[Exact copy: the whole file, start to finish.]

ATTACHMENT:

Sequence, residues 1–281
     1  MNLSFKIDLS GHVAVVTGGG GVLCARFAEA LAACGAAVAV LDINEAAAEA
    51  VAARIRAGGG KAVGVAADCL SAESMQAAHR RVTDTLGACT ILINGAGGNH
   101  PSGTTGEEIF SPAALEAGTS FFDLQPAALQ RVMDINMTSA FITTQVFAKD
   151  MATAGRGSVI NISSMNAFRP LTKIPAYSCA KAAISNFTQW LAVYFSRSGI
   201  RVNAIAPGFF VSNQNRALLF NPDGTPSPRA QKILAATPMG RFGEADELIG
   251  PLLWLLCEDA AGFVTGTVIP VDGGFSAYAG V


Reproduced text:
Sequence, residues 1–281
     1  MNLSFKIDLS GHVAVVTGGG GVLCARFAEA LAACGAAVAV LDINEAAAEA
    51  VAARIRAGGG KAVGVAADCL SAESMQAAHR RVTDTLGACT ILINGAGGNH
   101  PSGTTGEEIF SPAALEAGTS FFDLQPAALQ RVMDINMTSA FITTQVFAKD
   151  MATAGRGSVI NISSMNAFRP LTKIPAYSCA KAAISNFTQW LAVYFSRSGI
   201  RVNAIAPGFF VSNQNRALLF NPDGTPSPRA QKILAATPMG RFGEADELIG
   251  PLLWLLCEDA AGFVTGTVIP VDGGFSAYAG V